Dark-Room HDR. Using the calibrated Game mode for HDR movies worked out very well, and required only adjustments of the Epson's 16-step HDR Setting control that tunes the tone-map to taste for individual titles. To put it simply, everything I watched in SDR looked obviously better in HDR, and the high granularity of the HDR control provides a degree of accommodation for different content that's equaled in my opinion only by JVC's projectors. The LS500 took my long-running HDR torture test, The Meg, and actually made it look good. This title, with 4,000 nits peak and 1,193 nits average brightness, looks washed out for most of the movie on most HDR projectors—even at their darkest HDR setting—and some specific bright scenes present a real challenge. I was able to adjust the LS500 for an excellent, contrasty image and still had room on the control to spare. Similarly, the Spears & Munsil HDR Benchmark test disc can be configured for different brightness thresholds, so I set it to its 10,000 nit maximum—representing the brightest for any HDR10 content—and fast forwarded to the brightest scene in its montage, a clip of horses standing in a blizzard whiteout. It was beautifully rendered, with visceral punch and nice detail in the bumpy surface of the bright snow on the ground, at only position 12 on the 16-step control.

Apollo13 2 Universal
The LS500's flexible HDR brightness control insured that Apollo 13's punchy whites, including the astronaut's space suits, came through with visceral impact. (Photo: Universal)

For most movies, which are typically around 1,000 nits peak, I found the default HDR setting of 8 too dark and pushed it brighter, settling often around position 3 or even 2. This gave the peak highlights more impact at the expense of some detail in those areas. The HDR version of Apollo 13 looked fabulous, with overall excellent contrast on most scenes but with a visible pop on brief specular highlights, such as the sun bouncing off the long lens of a TV camera spinning on its turret at NASA's launch site, and on the many crisp whites scattered throughout the movie: the Saturn V rocket, the astronaut's space suits, the white dress shirts of the NASA officials, and the textured white dress of an astronaut's wife as it catches the bright sun in the launch gallery.

The opening sequence in Aquaman—another relatively bright HDR disc with 3,241 nits peak and 902 nits average brightness—was also beautifully rendered. Queen Atlanna, played by Nicole Kidman, is found wearing a silver-gold costume whose texture caught convincing highlights off the warm lighting in her new home, and with the HDR Settings control properly tuned, a close-up of her well-lit face revealed an appropriately milky texture to her fair skin and none of the blown-out patches on her forehead that I've seen on some projectors.

Bright Room SDR. The LS500 will arguably be used most frequently as a day-to-day television replacement for viewing in moderate-to-high ambient light. In its out-of-box default Bright Cinema mode—the projector's second brightest mode and the one most suited for this less-critical task—I was struck by its compelling combination of color accuracy, contrast, and spectacular brightness. As noted above, I made some quick subjective adjustments by eye to tone things down: lowering the laser Light Output from 100% to 80%, taking Contrast (peak white level) from 50 to 35 to prevent highlights from being blown out on bright broadcasts, and reducing Color Saturation from 50 to somewhere between 45 and 40 (content and source dependent) to make the fleshtones look more natural and less glowy. I occasionally tweaked the Brightness (black level) down a click or two to add some extra contrast on some programs. Although whites still leaned toward cool blue in this mode, it wasn't excessive and helped the image stand up to the lighting, and the rest of the colors looked so natural that I never bothered with an instrument calibration.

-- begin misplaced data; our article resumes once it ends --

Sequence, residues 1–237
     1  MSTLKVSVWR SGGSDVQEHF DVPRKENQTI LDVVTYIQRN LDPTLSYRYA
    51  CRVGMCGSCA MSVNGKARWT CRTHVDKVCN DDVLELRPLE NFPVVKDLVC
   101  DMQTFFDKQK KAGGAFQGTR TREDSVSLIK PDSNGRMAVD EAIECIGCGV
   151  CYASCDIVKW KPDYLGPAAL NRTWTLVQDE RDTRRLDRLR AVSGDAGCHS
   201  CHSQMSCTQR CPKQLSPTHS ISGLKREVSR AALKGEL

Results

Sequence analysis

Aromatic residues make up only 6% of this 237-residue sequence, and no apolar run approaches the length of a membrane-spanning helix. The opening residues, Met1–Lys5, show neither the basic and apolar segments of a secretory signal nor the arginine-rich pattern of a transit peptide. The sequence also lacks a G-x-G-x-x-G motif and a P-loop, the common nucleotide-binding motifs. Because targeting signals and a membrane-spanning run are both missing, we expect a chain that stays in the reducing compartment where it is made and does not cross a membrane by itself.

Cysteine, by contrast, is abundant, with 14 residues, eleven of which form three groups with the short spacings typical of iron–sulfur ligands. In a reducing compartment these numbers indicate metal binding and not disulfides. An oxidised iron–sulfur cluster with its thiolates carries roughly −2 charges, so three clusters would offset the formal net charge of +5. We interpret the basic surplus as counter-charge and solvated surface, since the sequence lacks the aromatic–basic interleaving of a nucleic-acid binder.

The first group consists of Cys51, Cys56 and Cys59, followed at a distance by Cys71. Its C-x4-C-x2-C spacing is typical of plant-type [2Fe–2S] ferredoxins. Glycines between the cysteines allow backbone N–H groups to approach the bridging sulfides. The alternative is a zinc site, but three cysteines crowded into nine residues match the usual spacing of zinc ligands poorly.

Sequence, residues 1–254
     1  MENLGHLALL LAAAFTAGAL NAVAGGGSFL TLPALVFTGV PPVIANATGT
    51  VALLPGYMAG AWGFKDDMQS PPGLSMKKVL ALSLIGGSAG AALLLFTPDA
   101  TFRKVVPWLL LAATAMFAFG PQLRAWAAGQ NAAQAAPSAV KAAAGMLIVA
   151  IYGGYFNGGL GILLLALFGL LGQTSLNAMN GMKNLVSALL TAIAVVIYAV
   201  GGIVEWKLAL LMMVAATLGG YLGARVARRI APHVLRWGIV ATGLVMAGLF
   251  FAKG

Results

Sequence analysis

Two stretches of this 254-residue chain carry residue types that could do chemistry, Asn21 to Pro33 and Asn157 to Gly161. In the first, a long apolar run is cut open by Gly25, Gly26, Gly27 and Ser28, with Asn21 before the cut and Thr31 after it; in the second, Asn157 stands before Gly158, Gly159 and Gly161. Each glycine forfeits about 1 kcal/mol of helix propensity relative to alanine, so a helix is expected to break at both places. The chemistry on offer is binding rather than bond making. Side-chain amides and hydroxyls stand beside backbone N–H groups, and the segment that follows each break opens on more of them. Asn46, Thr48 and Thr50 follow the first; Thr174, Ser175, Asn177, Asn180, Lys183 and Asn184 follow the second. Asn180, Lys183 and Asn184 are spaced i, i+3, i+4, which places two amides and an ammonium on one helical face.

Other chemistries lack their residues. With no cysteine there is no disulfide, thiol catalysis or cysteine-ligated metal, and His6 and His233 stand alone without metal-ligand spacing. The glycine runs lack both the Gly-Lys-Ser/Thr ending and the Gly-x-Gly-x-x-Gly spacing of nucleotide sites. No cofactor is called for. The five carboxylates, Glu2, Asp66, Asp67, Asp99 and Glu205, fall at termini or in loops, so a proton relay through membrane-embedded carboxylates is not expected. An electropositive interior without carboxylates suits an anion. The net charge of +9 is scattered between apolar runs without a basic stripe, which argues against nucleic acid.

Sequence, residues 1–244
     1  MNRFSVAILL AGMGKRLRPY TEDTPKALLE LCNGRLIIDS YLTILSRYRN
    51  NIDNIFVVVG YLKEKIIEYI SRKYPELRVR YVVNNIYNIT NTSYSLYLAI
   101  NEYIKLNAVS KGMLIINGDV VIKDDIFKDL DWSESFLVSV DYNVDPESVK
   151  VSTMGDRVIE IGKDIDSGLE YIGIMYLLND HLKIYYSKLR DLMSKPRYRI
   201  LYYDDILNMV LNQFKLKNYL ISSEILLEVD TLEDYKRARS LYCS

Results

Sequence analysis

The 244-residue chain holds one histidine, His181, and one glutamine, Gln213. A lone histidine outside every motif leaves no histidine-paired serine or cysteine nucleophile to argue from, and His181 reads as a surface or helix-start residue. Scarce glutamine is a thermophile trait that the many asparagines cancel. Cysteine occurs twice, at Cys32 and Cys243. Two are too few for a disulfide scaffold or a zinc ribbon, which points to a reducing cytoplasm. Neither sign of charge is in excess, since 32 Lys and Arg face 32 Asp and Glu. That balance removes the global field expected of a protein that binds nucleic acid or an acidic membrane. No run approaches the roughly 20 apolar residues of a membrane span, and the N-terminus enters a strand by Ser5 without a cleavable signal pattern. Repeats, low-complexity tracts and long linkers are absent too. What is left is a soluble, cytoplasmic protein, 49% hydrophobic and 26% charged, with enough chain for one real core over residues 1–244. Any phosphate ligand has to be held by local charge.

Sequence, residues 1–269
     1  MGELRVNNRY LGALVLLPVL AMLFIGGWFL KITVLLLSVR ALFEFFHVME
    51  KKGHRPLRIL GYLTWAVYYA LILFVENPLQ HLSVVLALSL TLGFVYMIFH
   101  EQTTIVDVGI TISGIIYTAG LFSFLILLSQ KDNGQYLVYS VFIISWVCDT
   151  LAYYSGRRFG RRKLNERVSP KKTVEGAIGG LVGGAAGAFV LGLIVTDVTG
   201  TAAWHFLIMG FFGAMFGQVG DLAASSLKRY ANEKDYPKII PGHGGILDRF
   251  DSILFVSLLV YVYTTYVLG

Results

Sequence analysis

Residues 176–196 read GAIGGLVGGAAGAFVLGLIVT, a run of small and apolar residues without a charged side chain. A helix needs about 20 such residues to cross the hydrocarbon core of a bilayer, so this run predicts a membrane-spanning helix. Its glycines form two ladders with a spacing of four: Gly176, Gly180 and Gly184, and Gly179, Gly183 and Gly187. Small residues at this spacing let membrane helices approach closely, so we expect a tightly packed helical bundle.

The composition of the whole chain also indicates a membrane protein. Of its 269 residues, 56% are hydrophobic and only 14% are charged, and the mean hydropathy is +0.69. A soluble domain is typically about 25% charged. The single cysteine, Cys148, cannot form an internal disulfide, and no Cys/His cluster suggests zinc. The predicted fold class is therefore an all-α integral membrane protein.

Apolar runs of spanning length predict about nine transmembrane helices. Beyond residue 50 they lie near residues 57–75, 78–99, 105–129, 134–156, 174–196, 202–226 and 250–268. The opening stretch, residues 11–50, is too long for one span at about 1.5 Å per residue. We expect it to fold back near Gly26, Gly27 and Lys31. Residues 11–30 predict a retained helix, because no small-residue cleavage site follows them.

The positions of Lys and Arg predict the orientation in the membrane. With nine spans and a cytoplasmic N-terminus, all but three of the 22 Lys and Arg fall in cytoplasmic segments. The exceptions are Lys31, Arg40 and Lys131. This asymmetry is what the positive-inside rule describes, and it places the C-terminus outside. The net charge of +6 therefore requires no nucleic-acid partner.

Even after toning down the brightness in my studio, where I have overhead beams that directly wash on the image, the picture remained so satisfyingly bright and emminently watchable on the ALR screen that I turned to unconventional lighting challenges just to see how far I could push things. After turning on all the lights in the room—including those above, to the side, and in front of the screen—I took out a clamp light with an LED flood in it and pointed it at the screen from different angles. The blacks got brighter and took on a tinge of color from the beam's warmth, which robbed the picture of some punch, but most of the colors remained vibrant and the image never really washed out to a point that you couldn't watch it. I feel confident saying this is a projector that, with its companion screen, should deliver a respectable image even in rooms with bright sunlight coming in.

I spent many hours running news, sports, and prime-time shows on the projector with the lights on, often in the background while I worked. NFL and college football looked awesome on the big screen (broadcast quality dependent), and newscasts showed natural skin tones and good delineation of faces among the side-by-side pundits. The sharpness of the image varied based on the broadcast, of course, but the projector generally did a good job scaling the less-than-stellar 1080i signal from my cable box, particularly after I selected the Video option from its Deinterlacing feature in the menu. Even broadcast movies looked good, and only the darkest—think Harry Potter and the Order of the Phoenix caught on rerun—sent me heading to turn off the overhead lights just to preserve some black level. But I never felt the need to fully extinguish the lights except for when I was intentionally immersing myself in a movie, in which case I preferred my dark-room Game mode.